Forestry statistics in detail

Data extracted in August 2015. Most recent data: Further Eurostat information, Main tables and Database. Next update of the article: December 2016

This article is part of a set of statistical articles based on the Eurostat online publication "Agriculture, forestry and fishery statistics". It presents statistics on forestry and logging in the European Union (EU).

The European Union (EU) accounts for approximately 5 % of the world’s forests and contrary to what is happening in many other parts of the world, the forested area of the EU is slowly increasing. Ecologically, the forests of the EU belong to many different bio-geographical regions and have adapted to a variety of natural conditions, ranging from bogs to steppes and from lowland to alpine forests. Socioeconomically, they vary from small family holdings to state forests or to large estates owned by companies.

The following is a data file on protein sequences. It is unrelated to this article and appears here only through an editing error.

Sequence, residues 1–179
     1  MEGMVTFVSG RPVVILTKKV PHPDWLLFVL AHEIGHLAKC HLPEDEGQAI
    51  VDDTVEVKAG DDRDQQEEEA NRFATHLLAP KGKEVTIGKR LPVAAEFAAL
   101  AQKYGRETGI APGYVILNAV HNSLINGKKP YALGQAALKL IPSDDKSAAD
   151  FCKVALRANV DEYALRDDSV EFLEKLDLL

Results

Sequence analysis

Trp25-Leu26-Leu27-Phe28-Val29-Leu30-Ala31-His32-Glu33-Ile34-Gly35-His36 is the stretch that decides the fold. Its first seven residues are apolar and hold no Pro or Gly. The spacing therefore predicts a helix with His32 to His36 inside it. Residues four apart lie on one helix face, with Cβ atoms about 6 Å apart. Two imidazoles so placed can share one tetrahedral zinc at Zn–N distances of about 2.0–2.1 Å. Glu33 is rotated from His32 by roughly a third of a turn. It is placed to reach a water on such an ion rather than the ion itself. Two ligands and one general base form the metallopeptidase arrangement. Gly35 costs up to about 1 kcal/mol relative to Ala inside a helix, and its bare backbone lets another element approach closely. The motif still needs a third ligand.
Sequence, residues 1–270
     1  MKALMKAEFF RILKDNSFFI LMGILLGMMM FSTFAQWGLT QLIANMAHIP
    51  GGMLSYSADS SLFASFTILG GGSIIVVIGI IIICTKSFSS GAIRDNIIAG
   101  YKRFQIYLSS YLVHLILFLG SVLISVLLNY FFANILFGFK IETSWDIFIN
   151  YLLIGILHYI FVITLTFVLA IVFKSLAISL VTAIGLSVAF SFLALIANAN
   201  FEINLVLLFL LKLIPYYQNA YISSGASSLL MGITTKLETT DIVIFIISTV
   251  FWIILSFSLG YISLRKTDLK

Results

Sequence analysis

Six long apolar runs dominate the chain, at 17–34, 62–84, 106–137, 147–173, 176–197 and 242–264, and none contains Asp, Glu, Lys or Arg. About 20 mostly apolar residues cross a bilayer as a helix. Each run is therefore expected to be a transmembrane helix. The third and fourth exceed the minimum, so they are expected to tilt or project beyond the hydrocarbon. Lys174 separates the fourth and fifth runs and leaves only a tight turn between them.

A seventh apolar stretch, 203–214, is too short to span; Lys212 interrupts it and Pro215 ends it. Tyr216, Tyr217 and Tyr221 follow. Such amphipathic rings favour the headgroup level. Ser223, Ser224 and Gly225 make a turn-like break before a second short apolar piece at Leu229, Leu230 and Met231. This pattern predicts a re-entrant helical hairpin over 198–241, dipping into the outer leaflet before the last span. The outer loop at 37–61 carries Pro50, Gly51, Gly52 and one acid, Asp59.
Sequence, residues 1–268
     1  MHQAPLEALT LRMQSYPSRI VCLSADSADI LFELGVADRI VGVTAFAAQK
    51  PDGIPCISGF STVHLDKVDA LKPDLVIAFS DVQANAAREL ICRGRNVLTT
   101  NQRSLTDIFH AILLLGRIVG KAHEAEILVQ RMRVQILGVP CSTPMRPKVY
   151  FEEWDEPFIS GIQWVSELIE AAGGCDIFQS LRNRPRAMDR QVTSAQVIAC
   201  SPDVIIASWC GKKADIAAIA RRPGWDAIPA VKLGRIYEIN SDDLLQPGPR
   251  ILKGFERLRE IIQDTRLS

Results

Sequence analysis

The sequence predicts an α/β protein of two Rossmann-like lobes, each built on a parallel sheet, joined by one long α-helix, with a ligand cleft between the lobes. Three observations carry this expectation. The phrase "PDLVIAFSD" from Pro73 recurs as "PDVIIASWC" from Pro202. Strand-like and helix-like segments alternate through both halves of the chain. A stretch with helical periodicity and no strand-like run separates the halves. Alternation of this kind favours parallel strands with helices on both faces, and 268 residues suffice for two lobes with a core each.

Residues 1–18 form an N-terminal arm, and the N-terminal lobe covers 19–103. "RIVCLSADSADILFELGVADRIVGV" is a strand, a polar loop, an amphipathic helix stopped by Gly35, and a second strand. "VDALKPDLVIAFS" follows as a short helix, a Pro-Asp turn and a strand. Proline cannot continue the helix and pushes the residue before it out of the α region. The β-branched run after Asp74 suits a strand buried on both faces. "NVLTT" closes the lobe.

Main statistical findings

Forests and other wooded land

The EU-28 has just over 180 million hectares of forests and other wooded land, corresponding to 42 % of its land area. Wooded land covers a slightly greater proportion of the land than is used for agriculture (some 40 %). In six EU Member States, more than half of the land area was wooded in 2010. Just over three quarters (77 %) of the land area was wooded in Finland and Sweden, while Slovenia reported 63 %; the remaining three EU Member States, each with shares in the range of 54–56 %, were Estonia, Spain and Latvia.

Sweden reported the largest wooded area in 2010 (31.2 million hectares), followed by Spain (27.7 million hectares), Finland (23.3 million hectares), France (17.6 million hectares), Germany (11.1 million hectares) and Italy (10.9 million hectares). Of the total area of the EU-28 covered by wooded land in 2010, Sweden accounted for 17.3 %. Spain (15.4 %) and Finland (12.9 %) were the only other EU Member States to record double-digit shares.